Register now for Krash the Kress, Feb. 1

Krash the Kress is the “Big Game” of Homecoming 2019, and it’s free for UW-Green Bay students! Alumni and UW-Green Bay friends and family are encouraged to take part in the fun too! The Green Bay men’s basketball team will be playing rival Milwaukee on Friday, Feb. 1, 2019 at 7 p.m. at UW-Green Bay’s Kress Center. A tailgate party will take place in the Kress Center East and West Gyms from 5 p.m. to 6:45 p.m. to get everyone ready to cheer on the Phoenix! The UW-Green Bay Pep Band, Green Bay cheerleaders and Phlash will be there too. There are also art and music events surrounding Homecoming. Krash the Kress registration includes:

  • Your game ticket
  • Great tailgate food
  • Two beverage tickets good for Bud products or soda
  • An “epically awesome,” Homecoming t-shirt
  • Fun swag to cheer on the team
  • Lots of drawings for fantastic prizes, including a semester of tuition valued at $4,000 for a student in attendance!

Be sure to register for Krash the Kress and other Homecoming activities.

Greg Aldrete leading Greek Hoplite battle reenactment

Prof. Greg Aldrete to address the December 2018 graduating class

Since 1995, Professor Gregory Aldrete has been relating the past to the present at the University of Wisconsin-Green Bay. A professor of Humanistic Studies and History, Aldrete focuses his studies on the Ancient World and what lessons we can learn from history. In his address, “Three Unlikely Virtues,” Aldrete will discuss virtues and advice for graduates drawn from ancient and medieval history.

Greg Aldrete
Prof. Greg Aldrete
December 2018 Commencement Speaker

Aldrete earned his Bachelor of Arts from Princeton University before earning his master’s and Ph.D. in Ancient History from the University of Michigan. As a professor at UW-Green Bay, Aldrete teaches classes ranging from Foundations of Western Culture, to Perspectives on Human Values, to the History of Ancient Rome and War and Civilization. Aldrete has been recognized many times over for his work as an educator, including receiving the University’s Founders Association Awards for both excellence in scholarship and teaching, and the UW System Regents Award for Excellence in Teaching, as well as being named the 2012 Wisconsin Professor of the Year.

Students in his class are used to his interdisciplinary approach that combines history, philology, archaeology, art history, and textual and physical evidence — from bringing artifacts like ancient coins into the classroom to dressing in a linothorax — a multi-layered linen armor.

Aldrete has also been recognized nationally, receiving the American Philological Association Award for Excellence in Teaching of Classics at the College Level in 2009, as well as five National Endowment for the Humanities research fellowships.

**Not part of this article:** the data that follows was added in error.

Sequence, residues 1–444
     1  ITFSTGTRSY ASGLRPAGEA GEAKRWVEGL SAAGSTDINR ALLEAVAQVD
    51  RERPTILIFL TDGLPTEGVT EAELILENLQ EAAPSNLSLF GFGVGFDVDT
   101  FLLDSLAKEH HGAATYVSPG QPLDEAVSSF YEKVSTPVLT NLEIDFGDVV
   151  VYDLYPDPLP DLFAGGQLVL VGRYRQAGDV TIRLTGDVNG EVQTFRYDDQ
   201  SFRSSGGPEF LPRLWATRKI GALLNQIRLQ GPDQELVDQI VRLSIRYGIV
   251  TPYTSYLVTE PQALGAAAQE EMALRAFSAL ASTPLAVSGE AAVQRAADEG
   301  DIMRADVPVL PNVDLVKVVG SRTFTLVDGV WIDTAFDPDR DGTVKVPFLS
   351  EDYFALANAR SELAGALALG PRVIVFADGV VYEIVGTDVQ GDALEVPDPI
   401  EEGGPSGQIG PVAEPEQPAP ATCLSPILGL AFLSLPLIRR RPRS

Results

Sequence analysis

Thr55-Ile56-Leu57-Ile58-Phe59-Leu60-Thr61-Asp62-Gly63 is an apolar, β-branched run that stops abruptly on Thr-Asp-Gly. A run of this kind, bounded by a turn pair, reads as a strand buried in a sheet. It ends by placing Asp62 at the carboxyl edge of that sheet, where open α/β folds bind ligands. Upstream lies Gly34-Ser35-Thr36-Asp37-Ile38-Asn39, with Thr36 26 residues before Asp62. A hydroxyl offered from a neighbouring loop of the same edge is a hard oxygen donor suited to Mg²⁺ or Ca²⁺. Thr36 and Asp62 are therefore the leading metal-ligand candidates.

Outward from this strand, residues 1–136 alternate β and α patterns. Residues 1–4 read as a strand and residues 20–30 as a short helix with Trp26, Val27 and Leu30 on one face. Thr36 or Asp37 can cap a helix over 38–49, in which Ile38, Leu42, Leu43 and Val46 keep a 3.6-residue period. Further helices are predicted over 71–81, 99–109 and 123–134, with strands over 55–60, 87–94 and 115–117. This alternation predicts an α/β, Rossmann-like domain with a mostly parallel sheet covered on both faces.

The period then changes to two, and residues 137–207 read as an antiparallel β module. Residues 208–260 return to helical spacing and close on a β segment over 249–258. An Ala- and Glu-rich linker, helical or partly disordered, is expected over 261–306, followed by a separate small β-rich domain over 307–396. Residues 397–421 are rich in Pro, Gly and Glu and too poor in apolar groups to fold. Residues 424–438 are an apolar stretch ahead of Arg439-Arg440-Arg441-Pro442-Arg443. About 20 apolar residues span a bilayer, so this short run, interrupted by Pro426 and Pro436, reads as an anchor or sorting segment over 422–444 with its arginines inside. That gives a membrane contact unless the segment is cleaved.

In addition to teaching on campus, Aldrete has created several video courses with The Great Courses/The Teaching Company. These courses — lecture surveys focusing on The History of the Ancient World, Decisive Battles in History and History’s Greatest Military Blunders and the Lessons They Teach– bring college-level scholarship to the masses, and allow everyone to learn from history.

Aldrete has also written several books, including: “Floods of the Tiber in Ancient Rome,” “Daily Life in the Roman City: Rome, Pompeii and Ostia,” “The Long Shadow of Antiquity: What Have the Greeks and Romans Done for Us?” (with Alicia Aldrete), and “The Greenwood Encyclopedia of Daily Life in the Ancient World.”

Aldrete’s research into ancient history has also garnered international media attention. Over the past decade, Aldrete and his research have been the subject of documentaries on the Discovery Channel, the Smithsonian Channel, the National Geographic Channel and on television programs in Canada and Europe. His research has also been featured in US News and World Report, the New Yorker magazine, Atlantic magazine, Der Spiegel magazine, Military History magazine and The Chronicle of Higher Education.

Make that a Top 10! Marinette/Menominee on in Small Business Revolution

Congratulations to the UW-Green Bay, Marinette Campus and the entire Marinette/Menominee community on moving forward in the Small Business Revolution Main Street competition. The community was announced as making the cut for the Top 10! There will be an open meeting on Wednesday, December 12, 2018 at 6 p.m. in the Marinette Campus Cafeteria to discuss the next steps. All are invited! Learn about the towns.

 

Lauren Putnam, the Graduating Class Speaker for the 2018 Winter Commencement Ceremony

Lauren PutnamLauren Putnam, the Graduating Class Speaker for the 2018 Winter Commencement Ceremony, will receive a Bachelor of Science degree in Human Biology with a Health Sciences emphasis and a minor in Chemistry. A leader in her class and in the organizations that she works within, Putnam strives to lift up fellow students and up-and-coming high school students, to show them the careers and opportunities available in the health care fields.